Probability distributions (Notes are heavily adapted from Harnett, Ch. 3; Hayes, sections 2.142.19; see also Hayes, Appendix B.) I. Random variables (in general) A. So far we have focused on single events,
More information4. Continuous Random Variables, the Pareto and Normal Distributions
4. Continuous Random Variables, the Pareto and Normal Distributions A continuous random variable X can take any value in a given range (e.g. height, weight, age). The distribution of a continuous random
More informationTImath.com. Statistics. Areas in Intervals
Areas in Intervals ID: 9472 TImath.com Time required 30 minutes Activity Overview In this activity, students use several methods to determine the probability of a given normally distributed value being
More informationChapter 6 ATE: Random Variables Alternate Examples and Activities
Probability Chapter 6 ATE: Random Variables Alternate Examples and Activities [Page 343] Alternate Example: NHL Goals In 2010, there were 1319 games played in the National Hockey League s regular season.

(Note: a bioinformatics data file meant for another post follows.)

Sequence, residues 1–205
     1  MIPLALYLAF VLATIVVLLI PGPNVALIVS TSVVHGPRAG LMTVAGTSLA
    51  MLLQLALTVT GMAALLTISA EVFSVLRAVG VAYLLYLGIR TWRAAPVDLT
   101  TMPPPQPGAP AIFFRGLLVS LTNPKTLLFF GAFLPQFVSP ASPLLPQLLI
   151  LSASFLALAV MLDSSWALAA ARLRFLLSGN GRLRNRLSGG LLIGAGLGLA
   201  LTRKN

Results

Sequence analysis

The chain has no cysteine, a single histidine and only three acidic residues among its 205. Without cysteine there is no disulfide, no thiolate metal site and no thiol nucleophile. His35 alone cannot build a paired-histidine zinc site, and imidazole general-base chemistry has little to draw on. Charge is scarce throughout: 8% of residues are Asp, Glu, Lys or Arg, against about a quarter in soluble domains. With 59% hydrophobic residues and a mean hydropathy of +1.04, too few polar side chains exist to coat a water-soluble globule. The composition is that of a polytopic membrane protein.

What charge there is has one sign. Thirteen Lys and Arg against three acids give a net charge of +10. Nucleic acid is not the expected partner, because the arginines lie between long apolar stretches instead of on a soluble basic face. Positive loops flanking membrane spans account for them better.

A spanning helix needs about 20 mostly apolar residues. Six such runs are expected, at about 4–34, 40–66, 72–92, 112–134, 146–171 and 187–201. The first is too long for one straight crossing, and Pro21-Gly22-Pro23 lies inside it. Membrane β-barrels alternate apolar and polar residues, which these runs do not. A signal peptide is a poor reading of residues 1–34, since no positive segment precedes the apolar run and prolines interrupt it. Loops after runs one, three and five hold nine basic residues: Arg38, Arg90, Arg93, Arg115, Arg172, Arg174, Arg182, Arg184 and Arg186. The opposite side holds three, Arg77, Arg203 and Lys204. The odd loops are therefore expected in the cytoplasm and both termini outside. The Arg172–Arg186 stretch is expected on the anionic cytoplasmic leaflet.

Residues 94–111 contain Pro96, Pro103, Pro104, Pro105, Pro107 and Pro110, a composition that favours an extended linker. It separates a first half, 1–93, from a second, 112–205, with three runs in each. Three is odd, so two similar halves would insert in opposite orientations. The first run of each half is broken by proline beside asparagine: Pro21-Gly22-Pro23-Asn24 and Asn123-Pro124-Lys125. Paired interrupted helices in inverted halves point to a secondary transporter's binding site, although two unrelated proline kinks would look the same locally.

More informationChapter 3 RANDOM VARIATE GENERATION
Chapter 3 RANDOM VARIATE GENERATION In order to do a Monte Carlo simulation either by hand or by computer, techniques must be developed for generating values of random variables having known distributions.
More informationProblem sets for BUEC 333 Part 1: Probability and Statistics
Problem sets for BUEC 333 Part 1: Probability and Statistics I will indicate the relevant exercises for each week at the end of the Wednesday lecture. Numbered exercises are backofchapter exercises from
More informationMCQ S OF MEASURES OF CENTRAL TENDENCY
MCQ S OF MEASURES OF CENTRAL TENDENCY MCQ No 3.1 Any measure indicating the centre of a set of data, arranged in an increasing or decreasing order of magnitude, is called a measure of: (a) Skewness (b)
More informationUsing Your TINSpire Calculator: Normal Distributions Dr. Laura Schultz Statistics I
Using Your TINSpire Calculator: Normal Distributions Dr. Laura Schultz Statistics I Always start by drawing a sketch of the normal distribution that you are working with. Shade in the relevant area (probability),
More informationChapter 6 Continuous Probability Distributions
Continuous Probability Distributions Learning Objectives 1. Understand the difference between how probabilities are computed for discrete and continuous random variables. 2. Know how to compute probability